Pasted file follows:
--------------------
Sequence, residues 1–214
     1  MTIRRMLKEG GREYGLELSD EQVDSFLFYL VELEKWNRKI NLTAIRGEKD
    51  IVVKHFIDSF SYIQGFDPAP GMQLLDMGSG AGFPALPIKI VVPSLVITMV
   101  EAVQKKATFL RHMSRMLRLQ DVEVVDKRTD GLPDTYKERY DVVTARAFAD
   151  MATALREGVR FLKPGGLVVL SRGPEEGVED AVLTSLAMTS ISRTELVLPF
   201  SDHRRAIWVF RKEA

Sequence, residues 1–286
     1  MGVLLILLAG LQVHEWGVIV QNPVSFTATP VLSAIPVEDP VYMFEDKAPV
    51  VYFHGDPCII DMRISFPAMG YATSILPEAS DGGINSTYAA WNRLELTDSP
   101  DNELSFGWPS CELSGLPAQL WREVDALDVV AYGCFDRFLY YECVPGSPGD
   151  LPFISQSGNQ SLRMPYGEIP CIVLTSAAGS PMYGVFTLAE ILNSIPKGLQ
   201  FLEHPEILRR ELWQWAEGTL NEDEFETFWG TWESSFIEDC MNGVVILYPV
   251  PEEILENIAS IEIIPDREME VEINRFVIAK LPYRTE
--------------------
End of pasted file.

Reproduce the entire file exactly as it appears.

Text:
Sequence, residues 1–214
     1  MTIRRMLKEG GREYGLELSD EQVDSFLFYL VELEKWNRKI NLTAIRGEKD
    51  IVVKHFIDSF SYIQGFDPAP GMQLLDMGSG AGFPALPIKI VVPSLVITMV
   101  EAVQKKATFL RHMSRMLRLQ DVEVVDKRTD GLPDTYKERY DVVTARAFAD
   151  MATALREGVR FLKPGGLVVL SRGPEEGVED AVLTSLAMTS ISRTELVLPF
   201  SDHRRAIWVF RKEA

Sequence, residues 1–286
     1  MGVLLILLAG LQVHEWGVIV QNPVSFTATP VLSAIPVEDP VYMFEDKAPV
    51  VYFHGDPCII DMRISFPAMG YATSILPEAS DGGINSTYAA WNRLELTDSP
   101  DNELSFGWPS CELSGLPAQL WREVDALDVV AYGCFDRFLY YECVPGSPGD
   151  LPFISQSGNQ SLRMPYGEIP CIVLTSAAGS PMYGVFTLAE ILNSIPKGLQ
   201  FLEHPEILRR ELWQWAEGTL NEDEFETFWG TWESSFIEDC MNGVVILYPV
   251  PEEILENIAS IEIIPDREME VEINRFVIAK LPYRTE